Managing Small Trusts: Evaluating Continuation and Termination

small trusts
  • Asset Evaluation: Start by assessing the assets remaining in the trust. For example, a trust established decades ago with significant assets might now have only a small amount remaining. Determine the current value of these assets and consider if the trust is still large enough to justify its expenses.
  • Benefit Analysis: Consider any potential estate planning benefits a small trust might offer. Even a small trust, despite its size, might provide valuable asset protection and estate planning advantages. Evaluating these benefits against the cost of maintaining the trust can help you see a hopeful and optimistic future for the trust.
  • Special Voting Interests and Asset Control: Some trusts may include special voting rights or control over non-pension investment assets. These are assets that are not part of a pension plan, such as real estate or stocks, and can be controlled through entities like family LLCs. Such details are crucial as they can affect asset distribution and control decisions, impacting the trust’s strategic value.
  • Tax Implications: It’s crucial to understand the tax consequences of maintaining or dissolving the trust. This includes any income the trust generates and its implications on the trust and beneficiaries’ tax obligations. By being well-informed about these implications, you can feel prepared and confident in your trust management decisions.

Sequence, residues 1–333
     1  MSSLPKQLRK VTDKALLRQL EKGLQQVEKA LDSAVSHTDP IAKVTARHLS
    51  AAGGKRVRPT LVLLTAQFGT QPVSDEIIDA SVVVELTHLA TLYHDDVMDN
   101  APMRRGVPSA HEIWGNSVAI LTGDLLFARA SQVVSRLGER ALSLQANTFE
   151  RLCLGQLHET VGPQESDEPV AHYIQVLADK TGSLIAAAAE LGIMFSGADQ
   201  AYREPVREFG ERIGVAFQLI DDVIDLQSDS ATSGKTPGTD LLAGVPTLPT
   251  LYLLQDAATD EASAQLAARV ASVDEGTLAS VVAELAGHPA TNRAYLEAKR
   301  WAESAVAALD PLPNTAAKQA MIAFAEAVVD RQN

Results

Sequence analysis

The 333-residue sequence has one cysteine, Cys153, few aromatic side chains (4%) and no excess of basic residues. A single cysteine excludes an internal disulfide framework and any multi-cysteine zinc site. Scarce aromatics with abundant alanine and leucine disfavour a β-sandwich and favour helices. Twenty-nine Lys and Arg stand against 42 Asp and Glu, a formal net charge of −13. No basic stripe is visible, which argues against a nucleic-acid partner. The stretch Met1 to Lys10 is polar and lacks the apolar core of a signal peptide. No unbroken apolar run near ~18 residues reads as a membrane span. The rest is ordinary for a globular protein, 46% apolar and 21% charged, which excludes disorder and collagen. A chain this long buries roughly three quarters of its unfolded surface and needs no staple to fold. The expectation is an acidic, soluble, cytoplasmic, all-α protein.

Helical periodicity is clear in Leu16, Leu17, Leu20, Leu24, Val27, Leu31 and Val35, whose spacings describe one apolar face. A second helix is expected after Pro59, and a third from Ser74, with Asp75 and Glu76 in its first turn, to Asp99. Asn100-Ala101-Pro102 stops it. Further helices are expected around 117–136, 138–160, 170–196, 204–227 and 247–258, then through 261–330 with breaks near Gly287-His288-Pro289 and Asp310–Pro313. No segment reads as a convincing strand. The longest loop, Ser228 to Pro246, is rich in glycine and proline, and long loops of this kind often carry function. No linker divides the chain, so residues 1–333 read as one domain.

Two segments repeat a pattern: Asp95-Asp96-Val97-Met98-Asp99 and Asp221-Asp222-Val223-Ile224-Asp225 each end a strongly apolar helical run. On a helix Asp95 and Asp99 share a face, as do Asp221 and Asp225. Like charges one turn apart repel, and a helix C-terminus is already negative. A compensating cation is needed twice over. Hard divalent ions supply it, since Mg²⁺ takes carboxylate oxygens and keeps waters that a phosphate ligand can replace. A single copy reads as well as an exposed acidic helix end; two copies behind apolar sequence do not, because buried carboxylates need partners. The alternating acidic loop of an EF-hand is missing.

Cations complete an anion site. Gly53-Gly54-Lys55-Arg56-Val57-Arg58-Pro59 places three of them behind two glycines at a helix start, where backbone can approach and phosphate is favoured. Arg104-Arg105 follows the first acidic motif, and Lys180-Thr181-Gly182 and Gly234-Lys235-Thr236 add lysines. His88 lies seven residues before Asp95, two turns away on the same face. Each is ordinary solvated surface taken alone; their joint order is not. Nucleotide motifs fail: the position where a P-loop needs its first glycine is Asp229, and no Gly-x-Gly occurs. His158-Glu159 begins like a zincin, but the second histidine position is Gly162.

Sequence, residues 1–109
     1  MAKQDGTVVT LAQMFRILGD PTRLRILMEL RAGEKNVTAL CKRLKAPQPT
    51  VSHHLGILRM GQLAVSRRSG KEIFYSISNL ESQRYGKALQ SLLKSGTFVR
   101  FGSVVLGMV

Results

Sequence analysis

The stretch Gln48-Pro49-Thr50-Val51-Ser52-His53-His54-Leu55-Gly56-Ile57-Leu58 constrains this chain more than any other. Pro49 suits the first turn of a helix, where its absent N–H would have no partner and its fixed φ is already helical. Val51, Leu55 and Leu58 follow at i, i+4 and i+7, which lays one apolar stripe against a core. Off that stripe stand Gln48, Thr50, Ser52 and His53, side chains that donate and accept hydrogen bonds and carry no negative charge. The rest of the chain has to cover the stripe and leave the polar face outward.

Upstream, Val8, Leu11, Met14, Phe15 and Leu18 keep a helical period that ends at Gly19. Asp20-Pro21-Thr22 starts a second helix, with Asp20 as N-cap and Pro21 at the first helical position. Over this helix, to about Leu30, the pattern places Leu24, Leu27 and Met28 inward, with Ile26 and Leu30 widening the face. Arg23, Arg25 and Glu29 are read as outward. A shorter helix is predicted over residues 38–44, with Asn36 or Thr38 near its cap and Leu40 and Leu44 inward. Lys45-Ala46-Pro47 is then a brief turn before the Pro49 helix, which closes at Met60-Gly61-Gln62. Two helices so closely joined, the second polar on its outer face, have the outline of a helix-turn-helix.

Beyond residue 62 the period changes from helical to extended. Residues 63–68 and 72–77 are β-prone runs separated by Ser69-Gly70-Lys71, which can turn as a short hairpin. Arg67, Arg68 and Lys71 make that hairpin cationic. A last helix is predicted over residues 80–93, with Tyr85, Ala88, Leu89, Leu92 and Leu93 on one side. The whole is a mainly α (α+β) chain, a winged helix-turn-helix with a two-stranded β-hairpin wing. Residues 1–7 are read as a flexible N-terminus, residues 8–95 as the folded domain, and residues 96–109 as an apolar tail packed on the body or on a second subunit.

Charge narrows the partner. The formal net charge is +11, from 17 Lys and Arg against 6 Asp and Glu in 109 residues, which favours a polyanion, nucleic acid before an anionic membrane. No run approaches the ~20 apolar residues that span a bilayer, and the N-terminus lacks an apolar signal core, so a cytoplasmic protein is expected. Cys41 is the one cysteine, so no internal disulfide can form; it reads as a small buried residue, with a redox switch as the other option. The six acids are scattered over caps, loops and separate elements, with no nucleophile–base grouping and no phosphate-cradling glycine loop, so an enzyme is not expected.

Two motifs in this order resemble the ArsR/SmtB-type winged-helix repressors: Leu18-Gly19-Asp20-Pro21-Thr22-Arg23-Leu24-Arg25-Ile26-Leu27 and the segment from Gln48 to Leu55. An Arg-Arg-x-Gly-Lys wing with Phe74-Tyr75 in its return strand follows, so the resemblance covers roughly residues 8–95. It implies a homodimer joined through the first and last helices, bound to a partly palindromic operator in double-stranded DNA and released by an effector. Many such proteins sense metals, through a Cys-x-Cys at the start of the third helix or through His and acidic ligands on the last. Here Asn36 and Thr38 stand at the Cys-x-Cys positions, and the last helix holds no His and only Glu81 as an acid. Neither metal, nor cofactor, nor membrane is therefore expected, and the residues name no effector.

• Legal Confirmation: Have an attorney review the trust’s terms and state laws to confirm that it is legally permissible to terminate the trust.
  • Asset Distribution: The attorney should verify who is entitled to the trust’s assets per the trust agreement. Ensure there’s a clear plan for distributing these assets to the beneficiaries.
  • Final Tax Return: As part of the trust termination process, it’s important to have a Certified Public Accountant (CPA) file a final tax return for the trust. This ensures all financial obligations are met before dissolution, and any potential tax implications are properly addressed.
  • Consideration of Distribution Methods: Decide whether the assets should be distributed directly to beneficiaries or if the assets should be sold (liquidated). In situations where the beneficiary may not responsibly manage a lump sum, consider structuring the distributions over time, such as through a non-cancellable annuity.

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